Brain Storm: New insight into how brain stem cells are born

 6 October 2014   Research News

UntitledTwenty-five years ago, the neuroscience community revealed the existence of neural stem cells, a life-long regenerative source of neurons and glia produced throughout life. The revelation has since generated great excitement within the field by opening up possibilities of developing therapeutic strategies for the treatment of brain injuries and neurodegenerative disorders. The concept of regenerative medicine, however, does rely on a thorough understanding of the basic principles of stem cell behaviour, which as yet are not fully understood. New research published today in Nature Cell Biology from the CSC’s Cell Interactions and Cancer group reveals novel insight into the signals and mechanisms involved in governing and regulating stem cell biology, which could pave the way for future regenerative therapies.

Dr Simona Parrinello (Group Head, Cell Interactions and Cancer) and her team are interested in how the stem cell microenvironment – or niche – controls the fate of a stem cell. The vast majority of neural stem cells are in a quiescent state, waiting – throughout a lifetime – for their time to differentiate. Once they commit to differentiation, stem cells begin to divide and later generate neurons. Blood vessels in the niche have been known to secrete chemicals, or signals, which promote division and differentiation of committed stem cells. Yet, a recent study characterising the precise structure of the niche revealed that quiescent stem cells are found in direct contact with blood vessels, indicating that they should be exposed to these pro-differentiation signals, but are somehow resistant to them.

To investigate this apparent paradox, Simona and her team delved right into the niche’s vasculature and uncovered something new about the role of blood vessels in stem cell function. They discovered that at the sites of contact specific signals were being presented to the stem cells by the blood vessels, which was keeping the stem cells in a quiescent state despite being surrounded by cell differentiating chemicals.

They identified the signals as cell surface-bound proteins, known as ephrinB2 and jagged1, that are only functional when cells are in direct physical contact with one another. Simona’s group propose that when quiescent cells are then ready to differentiate, the contact is broken allowing them to respond to the differentiation promoting chemicals within the niche and journey towards neuron formation.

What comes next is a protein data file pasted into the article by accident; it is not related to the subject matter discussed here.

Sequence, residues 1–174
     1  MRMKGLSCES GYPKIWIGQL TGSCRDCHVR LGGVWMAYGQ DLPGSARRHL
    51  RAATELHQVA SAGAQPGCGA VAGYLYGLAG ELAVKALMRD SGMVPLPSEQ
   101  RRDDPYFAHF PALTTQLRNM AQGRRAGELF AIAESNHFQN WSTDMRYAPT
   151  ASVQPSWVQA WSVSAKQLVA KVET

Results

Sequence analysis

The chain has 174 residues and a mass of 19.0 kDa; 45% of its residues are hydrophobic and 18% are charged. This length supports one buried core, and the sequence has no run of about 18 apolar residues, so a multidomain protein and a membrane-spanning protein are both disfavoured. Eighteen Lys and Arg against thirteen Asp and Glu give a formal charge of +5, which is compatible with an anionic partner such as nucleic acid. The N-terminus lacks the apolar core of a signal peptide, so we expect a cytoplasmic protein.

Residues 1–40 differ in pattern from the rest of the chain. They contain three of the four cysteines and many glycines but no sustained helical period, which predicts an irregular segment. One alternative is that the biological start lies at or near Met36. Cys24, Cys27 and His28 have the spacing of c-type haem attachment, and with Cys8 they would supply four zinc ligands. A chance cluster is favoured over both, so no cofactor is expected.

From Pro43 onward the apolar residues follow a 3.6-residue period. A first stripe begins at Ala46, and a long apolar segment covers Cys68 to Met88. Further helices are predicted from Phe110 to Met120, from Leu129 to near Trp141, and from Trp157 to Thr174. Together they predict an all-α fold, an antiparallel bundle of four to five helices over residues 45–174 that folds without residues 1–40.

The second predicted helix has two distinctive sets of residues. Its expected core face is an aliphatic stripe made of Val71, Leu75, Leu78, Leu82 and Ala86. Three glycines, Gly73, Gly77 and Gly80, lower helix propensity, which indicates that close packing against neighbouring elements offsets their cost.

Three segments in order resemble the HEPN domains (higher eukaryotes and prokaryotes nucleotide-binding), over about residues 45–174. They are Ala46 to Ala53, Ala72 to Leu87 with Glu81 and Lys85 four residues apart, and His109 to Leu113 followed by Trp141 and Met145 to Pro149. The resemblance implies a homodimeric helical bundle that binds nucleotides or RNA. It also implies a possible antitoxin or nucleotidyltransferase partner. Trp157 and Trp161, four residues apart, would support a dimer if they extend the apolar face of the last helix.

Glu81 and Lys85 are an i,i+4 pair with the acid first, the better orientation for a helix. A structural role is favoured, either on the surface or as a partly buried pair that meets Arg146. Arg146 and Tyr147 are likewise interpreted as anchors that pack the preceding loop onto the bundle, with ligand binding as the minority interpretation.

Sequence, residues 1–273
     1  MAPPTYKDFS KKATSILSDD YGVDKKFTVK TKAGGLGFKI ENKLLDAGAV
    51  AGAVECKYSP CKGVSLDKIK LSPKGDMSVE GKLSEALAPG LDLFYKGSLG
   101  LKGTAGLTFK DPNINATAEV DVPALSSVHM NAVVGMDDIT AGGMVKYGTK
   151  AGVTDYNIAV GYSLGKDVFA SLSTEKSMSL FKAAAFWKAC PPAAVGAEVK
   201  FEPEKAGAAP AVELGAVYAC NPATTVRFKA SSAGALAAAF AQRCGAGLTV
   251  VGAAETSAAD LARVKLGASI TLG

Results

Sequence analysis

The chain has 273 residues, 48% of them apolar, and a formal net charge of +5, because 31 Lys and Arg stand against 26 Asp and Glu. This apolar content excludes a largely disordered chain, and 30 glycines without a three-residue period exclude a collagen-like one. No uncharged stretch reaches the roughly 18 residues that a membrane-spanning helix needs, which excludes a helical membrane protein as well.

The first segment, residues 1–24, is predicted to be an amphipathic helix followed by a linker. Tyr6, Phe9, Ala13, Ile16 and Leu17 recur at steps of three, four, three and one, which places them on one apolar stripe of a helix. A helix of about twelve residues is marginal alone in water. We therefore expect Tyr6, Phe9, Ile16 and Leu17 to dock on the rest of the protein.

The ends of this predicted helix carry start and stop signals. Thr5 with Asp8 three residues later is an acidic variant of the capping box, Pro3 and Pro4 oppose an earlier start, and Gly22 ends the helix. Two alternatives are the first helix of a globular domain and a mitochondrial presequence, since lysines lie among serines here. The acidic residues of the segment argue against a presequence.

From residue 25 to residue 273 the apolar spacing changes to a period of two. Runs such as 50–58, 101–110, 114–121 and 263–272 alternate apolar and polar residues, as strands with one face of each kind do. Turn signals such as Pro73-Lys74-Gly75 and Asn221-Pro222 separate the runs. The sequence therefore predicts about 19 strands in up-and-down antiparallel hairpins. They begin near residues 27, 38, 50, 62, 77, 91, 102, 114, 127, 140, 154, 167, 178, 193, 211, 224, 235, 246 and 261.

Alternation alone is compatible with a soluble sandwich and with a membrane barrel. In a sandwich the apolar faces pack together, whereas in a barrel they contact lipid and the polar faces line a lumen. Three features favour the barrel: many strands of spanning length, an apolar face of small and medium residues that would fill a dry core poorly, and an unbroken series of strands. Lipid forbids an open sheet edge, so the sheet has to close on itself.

“This is the first time we have identified the blood vessels as a key niche component for maintaining a pool of undifferentiated stem cells throughout life to sustain neurogenesis (the birth of new neurons) long-term,” explains Simona. “One of the central questions of the stem cell field is how the niche can both maintain stem cells in the quiescent state, while at the same time promote stem cell differentiation along the correct linage.Our findings provide a mechanistic explanation of how the niche is able to direct such opposite stem cell behaviors,” she adds.

The niche has been proposed as an ideal target for regenerative therapies, as it is more ‘druggable’ than the stem cells themselves and should allow for safer, extrinsic modulation of stem cell function. This study has successfully identified two candidates for such ‘niche therapies’, which could be targeted to transiently boost neurogenesis for therapeutic purposes.

Publication: Ottone C, Krusche B, Whitby A, Clements M, Quadrato G, Pitulescu ME, Adams RH & Parrinello S: Direct cell–cell contact with the vascular niche maintains quiescent neural stem cells, Nature Cell Biology doi:10.1038/ncb3045, published online

Image: Neural stem cells differentiated in vitro into neuroblasts (green) and oligodendrocytes (red).

This work was supported by the Medical Research Council, Imperial College London and the Royal Society. The Medical Research Council has been at the forefront of scientific discovery to improve human health. Founded in 1913 to tackle tuberculosis, the MRC now invests taxpayers’ money in some of the best medical research in the world across every area of health. Twenty-nine MRC-funded researchers have won Nobel prizes in a wide range of disciplines, and MRC scientists have been behind such diverse discoveries as vitamins, the structure of DNA and the link between smoking and cancer, as well as achievements such as pioneering the use of randomised controlled trials, the invention of MRI scanning, and the development of a group of antibodies used in the making of some of the most successful drugs ever developed. Today, MRC-funded scientists tackle some of the greatest health problems facing humanity in the 21st century, from the rising tide of chronic diseases associated with ageing to the threats posed by rapidly mutating micro-organisms.